The Prime Minister: I note that, on Ford, the right hon. Gentleman has not a single constructive solution to offer. As for manufacturing jobs, many are also being created. In the past few months, jobs have been created at Vauxhall and IBC Vehicles; 1,300 jobs have been created at Nortel, 1,000 at Honda and 1,000 at Quantax.
Yes, there are jobs that will also be lost, particularly in a period of massive economic and structural change. The difference is that this Government, as we did with Rover, stand ready to help people through that process. If it is all right to quote the shadow Chancellor again, he described yesterday, when the problems of the strong pound were put to him, which, in fact, is worrying manufacturing--[Interruption.] Conservative Members say it is all a weak euro. Let me quote to them from their shadow Chancellor. He said:
Q3. Mr. David Stewart (Inverness, East, Nairn and Lochaber): The Prime Minister will be well aware of the extent of worries about pensioner poverty throughout this country. Will he do his utmost to have a vigorous uptake campaign for the minimum income guarantee and will he look at the group of pensioners who have been thrifty throughout their lives, who have some pension and who have some savings? Will he take on board their needs in the pension review?
The Prime Minister: Yes, we will. Perhaps I should explain that, in this Parliament, we will be spending some £6.5 billion more on pensioner incomes than was forecast by the previous Government. That is, incidentally, £2.5 billion more than the cost of uprating the basic state pension in line with earnings, but what we have done is to try to target as our first priority those who are poorest. One million of the poorest pensioners will be up to £20 a week better off as a result of our changes. Also, the winter allowance, now at £150, is paid tax free to pensioner households and is outside the benefit system, as are the free TV licences for the over-75s, so, again, it helps those in most need, but I entirely agree with my hon. Friend. We now have to ensure that those who are above benefit levels and below income tax levels who have saved all their lives are given the help that they need.
Mr. Charles Kennedy (Ross, Skye and Inverness, West): Will the Prime Minister concur that, of all the various electoral messages that were sent at the last diet of elections at the end of last week, by far the most telling was the verdict of Romsey? [Interruption.] Given that that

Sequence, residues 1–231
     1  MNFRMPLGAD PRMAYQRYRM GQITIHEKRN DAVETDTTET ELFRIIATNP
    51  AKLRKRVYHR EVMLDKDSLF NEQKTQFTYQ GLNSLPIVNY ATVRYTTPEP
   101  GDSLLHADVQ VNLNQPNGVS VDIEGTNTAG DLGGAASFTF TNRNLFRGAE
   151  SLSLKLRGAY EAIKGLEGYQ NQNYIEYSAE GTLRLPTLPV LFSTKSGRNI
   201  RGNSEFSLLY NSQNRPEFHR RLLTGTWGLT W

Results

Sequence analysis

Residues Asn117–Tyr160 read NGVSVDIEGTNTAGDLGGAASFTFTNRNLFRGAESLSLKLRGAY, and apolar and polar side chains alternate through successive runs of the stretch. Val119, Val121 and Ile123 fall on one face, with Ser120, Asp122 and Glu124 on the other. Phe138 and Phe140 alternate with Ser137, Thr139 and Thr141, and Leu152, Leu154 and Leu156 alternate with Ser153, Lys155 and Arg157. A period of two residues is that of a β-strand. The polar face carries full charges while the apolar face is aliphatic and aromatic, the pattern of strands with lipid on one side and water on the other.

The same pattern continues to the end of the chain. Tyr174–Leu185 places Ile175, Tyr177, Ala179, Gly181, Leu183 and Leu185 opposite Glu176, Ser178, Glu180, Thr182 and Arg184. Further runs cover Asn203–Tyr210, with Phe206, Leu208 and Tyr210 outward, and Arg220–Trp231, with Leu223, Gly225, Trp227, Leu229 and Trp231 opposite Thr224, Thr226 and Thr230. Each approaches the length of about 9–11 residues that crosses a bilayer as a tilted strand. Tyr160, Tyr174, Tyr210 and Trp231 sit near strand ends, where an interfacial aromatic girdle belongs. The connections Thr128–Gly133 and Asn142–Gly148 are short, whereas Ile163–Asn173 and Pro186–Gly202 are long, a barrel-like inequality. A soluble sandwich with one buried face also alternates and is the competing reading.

The Prime Minister: First, I congratulate the hon. Member for Romsey (Sandra Gidley) on her victory in that by-election. Secondly--[Interruption.] Well, Conservative Members are on about us losing our deposit in that by-election. I would have thought it rather worse to have lost one of the Conservative's safest seats in the entire country. If that had happened to us just before the last election, we would have been slightly concerned, but do not worry--carry on being unconcerned.
In relation to the other issue that the right hon. Gentleman raises, it was a sign of the courage of his own campaign locally that people did not respond to what was a quite irresponsible campaign on behalf of the Conservatives. I am pleased that that was decisively rejected by reasonable people.
Mr. Kennedy: I congratulate the Prime Minister on that reply--I could not have put it better myself. However, will he also acknowledge that what came through loud and clear from Romsey, from voters of all political persuasions and of none, was the genuine feeling--I follow the question just asked by my neighbouring Member, the hon. Member for Inverness, East, Nairn and Lochaber (Mr. Stewart)--that pensioners are getting a raw deal from the Administration? [Interruption.] Would the Prime Minister therefore--[Interruption.]
Mr. Kennedy: Would the Prime Minister acknowledge the legitimate concerns of pensioners in this country who want, in the words of the most recent Labour manifesto, to share increasingly in the increasing prosperity of the nation?
The Prime Minister: I am afraid that, there, the consensus must end, although it was a great relationship while it lasted. On the right hon. Gentleman's point on the basic state pension, I remind him--not just to make a political point, but to make another one which I shall come to in a moment--that the 1997 Liberal Democrat manifesto stated:
We had to decide--as the Liberal Democrats did when they drew up their manifesto--if we are to spend more money, who we help first. The truth is that pensioner incomes in this country are more varied than they were 30 or 40 years ago. If we simply put money on the basic state pension, many pensioners would not necessarily need
The winter allowance--we never even promised to provide it, but we have done so--is paid to everyone. We are now seeing how we can help those other pensioners. However, I make no apology for saying that we started with the poorest first.
Mr. Martin Salter (Reading, West): Will the Prime Minister join me in congratulating the people of Reading not only for their imaginative city centre--which the Minister for Local Government visited last week--but, in common with the people of Romsey, rejecting the Conservative party's right-wing racist claptrap and re-electing their Labour council with a record majority?